Never one to miss a chance to respond to criticism, Fox News host Bill O'Reilly led off his January 21 show with a reaction to former NBC anchor Tom Brokaw's comment (Mediabistro, 1/17/14) that cable news shows get much smaller audiences than network news broadcasts: "Bill O'Reilly would finish dead last if he were on the evening news," Brokaw noted.
Naturally, O'Reilly had to figure some of this was political–Brokaw sees the world "through a liberal prism," as he put it. But more to the point, O'Reilly wanted to make clear that his show does things those networks don't:
The network news broadcasts are pretty much the same on every channel. They don't provide much analysis or perspective, and all three networks lean left…. We provide a voice you would never hear on the network news.
So the Factor brings viewers some perspectives missing from the bland, liberal newscasts. Well, let's look at this very episode as an example.
Right after this commentary, O'Reilly had an interview with right-wing Washington Post columnist Charles Krauthammer, who has been a fixture in elite media for several decades. Not exactly an unheard voice.
Next up was an interview with a Fox News favorite, military analyst Ralph Peters. The two talked about Olympics security, and they complained about Afghan president Hamid Karzai. "We have lost so many men and spent so much money over there trying to keep the Afghans free," as O'Reilly put it. Peters, a former member of USA Today's board of contributors, is likewise no stranger to mainstream media.
Then came an interview with Fox Business Channel's own John Stossel, the factually challenged corporate libertarian who was for years an ABC News host. He was on to share his insights on climate change: "Assuming man is doing this, there's nothing we can do about it." He added that "some good serious climatologists are concerned that man is going to make it worse with the greenhouse gas production. But even that's not certain." Stossel went on: "Yes, the globe is warming. Maybe man is playing a part. But is it a crisis? No."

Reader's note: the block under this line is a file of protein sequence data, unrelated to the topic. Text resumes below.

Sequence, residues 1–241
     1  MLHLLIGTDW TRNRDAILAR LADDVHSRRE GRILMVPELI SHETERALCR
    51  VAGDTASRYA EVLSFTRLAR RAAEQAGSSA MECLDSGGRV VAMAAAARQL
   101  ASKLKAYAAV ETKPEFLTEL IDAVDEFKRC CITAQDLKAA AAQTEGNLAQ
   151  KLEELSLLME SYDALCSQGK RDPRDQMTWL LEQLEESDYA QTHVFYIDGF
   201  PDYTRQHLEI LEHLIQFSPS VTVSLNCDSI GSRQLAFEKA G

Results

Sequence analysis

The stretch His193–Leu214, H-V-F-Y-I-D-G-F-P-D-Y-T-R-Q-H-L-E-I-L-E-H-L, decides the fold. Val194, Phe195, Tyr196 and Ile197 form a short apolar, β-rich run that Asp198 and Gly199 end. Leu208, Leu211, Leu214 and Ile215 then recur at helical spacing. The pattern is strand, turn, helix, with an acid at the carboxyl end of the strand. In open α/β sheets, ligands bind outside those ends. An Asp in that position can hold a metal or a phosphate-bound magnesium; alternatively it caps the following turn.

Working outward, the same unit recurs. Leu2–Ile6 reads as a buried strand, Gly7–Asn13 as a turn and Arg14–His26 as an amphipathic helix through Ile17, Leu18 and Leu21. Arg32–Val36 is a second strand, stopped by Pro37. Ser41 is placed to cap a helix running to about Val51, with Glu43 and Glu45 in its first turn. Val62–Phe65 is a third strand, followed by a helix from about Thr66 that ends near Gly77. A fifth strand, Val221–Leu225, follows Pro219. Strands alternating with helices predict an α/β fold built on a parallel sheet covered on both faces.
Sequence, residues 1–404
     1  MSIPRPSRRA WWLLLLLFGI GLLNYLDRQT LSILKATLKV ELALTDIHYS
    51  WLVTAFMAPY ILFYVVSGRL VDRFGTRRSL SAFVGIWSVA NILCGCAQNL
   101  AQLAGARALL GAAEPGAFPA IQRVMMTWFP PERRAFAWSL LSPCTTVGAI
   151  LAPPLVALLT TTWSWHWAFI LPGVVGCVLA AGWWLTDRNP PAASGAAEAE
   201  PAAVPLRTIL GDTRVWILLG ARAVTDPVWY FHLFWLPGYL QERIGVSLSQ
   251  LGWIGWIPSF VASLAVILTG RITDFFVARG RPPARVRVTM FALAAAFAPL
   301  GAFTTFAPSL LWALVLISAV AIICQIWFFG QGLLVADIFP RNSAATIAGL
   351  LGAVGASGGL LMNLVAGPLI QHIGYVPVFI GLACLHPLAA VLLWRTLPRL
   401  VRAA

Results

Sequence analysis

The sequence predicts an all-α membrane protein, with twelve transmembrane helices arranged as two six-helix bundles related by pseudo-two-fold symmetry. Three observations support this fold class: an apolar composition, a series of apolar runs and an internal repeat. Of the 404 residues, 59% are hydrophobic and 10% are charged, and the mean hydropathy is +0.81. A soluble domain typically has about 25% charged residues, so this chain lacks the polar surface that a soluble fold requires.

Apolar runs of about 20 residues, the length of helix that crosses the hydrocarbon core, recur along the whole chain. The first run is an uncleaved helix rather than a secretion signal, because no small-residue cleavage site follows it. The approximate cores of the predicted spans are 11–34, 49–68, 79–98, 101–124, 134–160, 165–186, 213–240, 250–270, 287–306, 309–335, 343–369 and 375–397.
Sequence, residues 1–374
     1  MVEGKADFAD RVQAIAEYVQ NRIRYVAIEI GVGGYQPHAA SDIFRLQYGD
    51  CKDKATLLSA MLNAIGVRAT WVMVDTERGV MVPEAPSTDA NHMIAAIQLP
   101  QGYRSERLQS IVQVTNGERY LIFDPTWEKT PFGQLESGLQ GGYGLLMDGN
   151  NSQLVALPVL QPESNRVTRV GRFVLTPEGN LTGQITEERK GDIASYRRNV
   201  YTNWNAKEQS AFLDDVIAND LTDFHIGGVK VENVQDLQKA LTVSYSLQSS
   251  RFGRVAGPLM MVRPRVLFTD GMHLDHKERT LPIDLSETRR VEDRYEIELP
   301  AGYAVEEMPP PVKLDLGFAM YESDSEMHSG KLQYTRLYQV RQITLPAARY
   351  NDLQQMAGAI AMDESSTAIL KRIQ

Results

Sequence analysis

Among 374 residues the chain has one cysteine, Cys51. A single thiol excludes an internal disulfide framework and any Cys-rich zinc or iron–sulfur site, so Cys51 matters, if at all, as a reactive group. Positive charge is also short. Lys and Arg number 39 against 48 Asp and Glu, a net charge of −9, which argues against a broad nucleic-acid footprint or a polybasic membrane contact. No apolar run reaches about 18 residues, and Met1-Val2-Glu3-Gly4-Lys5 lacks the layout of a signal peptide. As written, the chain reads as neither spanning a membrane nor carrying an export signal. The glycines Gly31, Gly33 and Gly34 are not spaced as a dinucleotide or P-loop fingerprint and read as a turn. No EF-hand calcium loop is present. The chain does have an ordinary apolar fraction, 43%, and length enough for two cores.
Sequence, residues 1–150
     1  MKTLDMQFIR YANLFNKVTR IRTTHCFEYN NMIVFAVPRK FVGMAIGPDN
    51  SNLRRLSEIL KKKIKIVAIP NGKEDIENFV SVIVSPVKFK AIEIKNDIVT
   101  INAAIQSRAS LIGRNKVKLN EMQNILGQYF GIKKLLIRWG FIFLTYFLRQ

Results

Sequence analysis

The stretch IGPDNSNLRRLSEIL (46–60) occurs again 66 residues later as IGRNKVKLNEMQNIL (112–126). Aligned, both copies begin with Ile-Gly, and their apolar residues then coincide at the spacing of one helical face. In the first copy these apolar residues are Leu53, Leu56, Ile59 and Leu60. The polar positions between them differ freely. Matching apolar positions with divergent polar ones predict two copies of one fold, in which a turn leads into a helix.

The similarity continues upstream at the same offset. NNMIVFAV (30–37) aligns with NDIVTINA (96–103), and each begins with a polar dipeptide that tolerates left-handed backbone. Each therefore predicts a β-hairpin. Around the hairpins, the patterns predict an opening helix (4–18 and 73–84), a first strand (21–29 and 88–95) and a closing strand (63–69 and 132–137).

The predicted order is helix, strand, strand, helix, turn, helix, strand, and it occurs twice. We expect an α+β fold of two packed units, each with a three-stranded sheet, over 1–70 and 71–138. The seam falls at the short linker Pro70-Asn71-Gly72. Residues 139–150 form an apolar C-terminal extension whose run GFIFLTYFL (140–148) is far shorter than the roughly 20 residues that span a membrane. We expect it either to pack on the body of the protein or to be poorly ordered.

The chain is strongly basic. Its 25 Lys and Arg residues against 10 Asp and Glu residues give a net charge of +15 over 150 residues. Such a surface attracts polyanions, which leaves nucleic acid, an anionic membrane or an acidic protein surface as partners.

Next up was a legal segment that took a look at the very important case of a search of pop star Justin Bieber's house, before returning to a story O'Reilly's been covering: "It's an absolute outrage. A convicted murderer wants a sex change operation inside prison." O'Reilly yelled that in an earlier time, the prisoner "would have been hung from a tree."
After that came a discussion of marijuana legalization with Fox liberal Alan Colmes, wherein O'Reilly asserted, against much evidence, that smoking pot leads to using hard drugs. Colmes tried to point out the dubiousness of this claim:
COLMES: Studies have shown that it is not a gateway drug.
O'REILLY: Oh, that's cherry-picking. It's just like global warming…. You can get one study, I can get another study.
(If O'Reilly can find an actual peer-reviewed study questioning human-caused global warming, he should alert the journal Science–which failed to find any in a December 2004 review of 928 papers.)
The show closed with this bizarre product placement:
Finally tonight, the Factor Tip of the Day. A few times in my life, I had been burned on vacation. I booked hotels. I thought they were good, turned out to be disastrous.
Here's a recent example. There's a beach in the Caribbean that I've been wanting to visit. It looks great in the pictures, but it's very expensive.
So, I went to a website called TripAdvisor.com. They had the beach and they had comments from people who had visited the beach.
And here's what I found out, the beautiful beach is infested with sand fleas. So, without TripAdvisor, I would have paid a ton of money to go hand-to-hand combat with the sand fleas.
As they say, I would not have been a happy camper even in the hotel. Factor Tip of the Day, before you book a trip, check out TripAdvisor.com.
So climate change denial, far-fetched anti-marijuana claims, an interview with a right-wing pundit who is a regular presence on TV, a discussion of Justin Bieber and a plug for a commercial website.
You know, the stuff the network news is afraid to touch.